War of the Rebellion: Serial 106 Page 0210 Chapter LXII. OPERATIONS ON PACIFIC COAST.

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San Francisco, Cal., November 7, 1862.


Governor of Washington Territory, Olympia, Wash. Ter.:

SIR: I have the honor to acknowledge the receipt of Your Excellency's communication of the 31st ultimo. During the past season no pains have been spared by General Alvord and Colonel Steinberger to afford protection to the emigrants approaching Washington Territory and the State of Oregon, and had the emigrants followed the usually traveled routes they would doubtless have all reached their destination in safety; but on their approach they break up into small parties-some strike for the Salmon River mines, others diverge off for the Willamette Valley, and it is impossible to afford escorts for every family or small party. your Excellency may be assured that I fully concur with you as to the propriety and necessity of severely chastising those Indians. I am under the impression that the number of emigrants reported to your Excellency as haivng been murdered during the past season has been greatly overestimated. However, as soon as the final reports are received I hope to ascertain all the facts. In the meantime your communication will be referred to Brigadier-General Alvord, who will be instructed to do all that is possible to capture and punish the murderers. Estimates have already been made for the establishment of a strong post at or near old Fort Boise, but I have but faint expectations that any force we can send on the route would entirely stop these murders. I once recommended a system to protect the emigrants as they approach, and if the Government and emigrants will adhere to it, there will be no difficulty.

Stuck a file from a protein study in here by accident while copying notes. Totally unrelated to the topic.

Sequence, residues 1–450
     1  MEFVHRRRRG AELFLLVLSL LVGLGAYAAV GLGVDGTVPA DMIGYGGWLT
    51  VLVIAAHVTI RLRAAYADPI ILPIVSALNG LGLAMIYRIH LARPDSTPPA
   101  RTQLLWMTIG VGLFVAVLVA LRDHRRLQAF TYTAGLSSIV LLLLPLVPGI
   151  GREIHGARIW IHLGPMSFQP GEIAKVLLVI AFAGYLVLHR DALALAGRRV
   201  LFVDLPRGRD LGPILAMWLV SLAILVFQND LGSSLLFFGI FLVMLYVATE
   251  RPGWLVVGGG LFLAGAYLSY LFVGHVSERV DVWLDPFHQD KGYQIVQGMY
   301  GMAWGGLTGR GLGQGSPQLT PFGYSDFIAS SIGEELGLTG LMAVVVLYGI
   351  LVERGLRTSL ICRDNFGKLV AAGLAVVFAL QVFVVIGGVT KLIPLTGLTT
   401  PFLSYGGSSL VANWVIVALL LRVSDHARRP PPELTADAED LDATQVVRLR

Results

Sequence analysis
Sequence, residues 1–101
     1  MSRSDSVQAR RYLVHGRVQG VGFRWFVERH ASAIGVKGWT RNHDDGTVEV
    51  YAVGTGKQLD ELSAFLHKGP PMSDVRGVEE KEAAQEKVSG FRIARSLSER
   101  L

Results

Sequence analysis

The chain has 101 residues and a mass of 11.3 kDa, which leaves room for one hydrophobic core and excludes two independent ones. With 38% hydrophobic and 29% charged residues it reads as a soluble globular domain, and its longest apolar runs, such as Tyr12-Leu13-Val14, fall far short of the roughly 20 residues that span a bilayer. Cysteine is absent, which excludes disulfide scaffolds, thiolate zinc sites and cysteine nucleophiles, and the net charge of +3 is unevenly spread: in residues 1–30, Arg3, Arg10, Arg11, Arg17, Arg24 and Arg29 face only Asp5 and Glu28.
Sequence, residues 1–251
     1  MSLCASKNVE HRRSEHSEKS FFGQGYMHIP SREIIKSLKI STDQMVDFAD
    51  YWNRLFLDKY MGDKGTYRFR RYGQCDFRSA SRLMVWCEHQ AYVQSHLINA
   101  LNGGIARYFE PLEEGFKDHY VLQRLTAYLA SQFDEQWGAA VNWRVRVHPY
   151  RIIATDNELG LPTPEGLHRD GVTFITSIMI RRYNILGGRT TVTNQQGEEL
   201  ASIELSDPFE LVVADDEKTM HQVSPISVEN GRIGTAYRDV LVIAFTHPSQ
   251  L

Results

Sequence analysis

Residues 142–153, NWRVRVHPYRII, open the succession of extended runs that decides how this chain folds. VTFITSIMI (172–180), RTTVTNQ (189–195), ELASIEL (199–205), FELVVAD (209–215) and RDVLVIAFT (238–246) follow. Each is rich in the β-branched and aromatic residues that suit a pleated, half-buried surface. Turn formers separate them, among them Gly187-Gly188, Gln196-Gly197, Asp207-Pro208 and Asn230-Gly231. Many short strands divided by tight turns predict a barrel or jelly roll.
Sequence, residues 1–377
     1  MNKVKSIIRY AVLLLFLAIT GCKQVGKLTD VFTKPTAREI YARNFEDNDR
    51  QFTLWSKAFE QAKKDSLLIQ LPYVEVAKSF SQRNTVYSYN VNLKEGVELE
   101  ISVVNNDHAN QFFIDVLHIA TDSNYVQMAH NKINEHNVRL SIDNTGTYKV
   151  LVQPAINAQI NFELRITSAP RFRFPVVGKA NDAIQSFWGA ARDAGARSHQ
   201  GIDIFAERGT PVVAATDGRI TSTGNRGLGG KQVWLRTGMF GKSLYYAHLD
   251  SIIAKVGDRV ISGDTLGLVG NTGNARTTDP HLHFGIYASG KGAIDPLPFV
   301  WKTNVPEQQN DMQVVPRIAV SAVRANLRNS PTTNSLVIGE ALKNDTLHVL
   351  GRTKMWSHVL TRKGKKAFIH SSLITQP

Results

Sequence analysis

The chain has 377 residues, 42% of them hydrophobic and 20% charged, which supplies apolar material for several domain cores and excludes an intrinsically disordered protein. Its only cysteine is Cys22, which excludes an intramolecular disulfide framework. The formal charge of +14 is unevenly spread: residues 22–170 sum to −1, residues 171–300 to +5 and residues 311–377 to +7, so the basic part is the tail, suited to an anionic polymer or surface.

With great respect, I have the honor to be, Your Excellency's obedient servant,


Brigadier-General, U. S. Army, Commanding.


Sacramento, Cal., November 8, 1862.

Brigadier General L. THOMAS,

Adjutant-General U. S. Army, Washington, D. C.:

GENERAL: Since I last had the honor to address you nothing of importance has taken place in this department. From Oregon I have received advices from Brigadier-General Alvord. He was at Walla Walla making arrangements for the continuance of the military post at Camp Lapwai, in the Nez Perce country, during the winter. This has been rendered necessary in order to maintain the peace between the miners and Indians. General Alvord has already strongly recommended the establishment of a military post at or near Fort Boise, on the Snake River. I have concurred in the general's views, and directed the deputy quartermaster-general to prepare his estimates accordingly. The establishment of a post at Boise was directed by the War Department some three years since, but the order [was] afterward revoked, and in consequence of the disturbed state of our country nothing further was done in the matter. It is now considered important to create the post to overawe the marauding savages and afford protection to the emigrants annually approaching that country. The public sentiment in this country remains unchanged, and it is believed that the precautions already taken will effectually suppress any attempt of the disaffected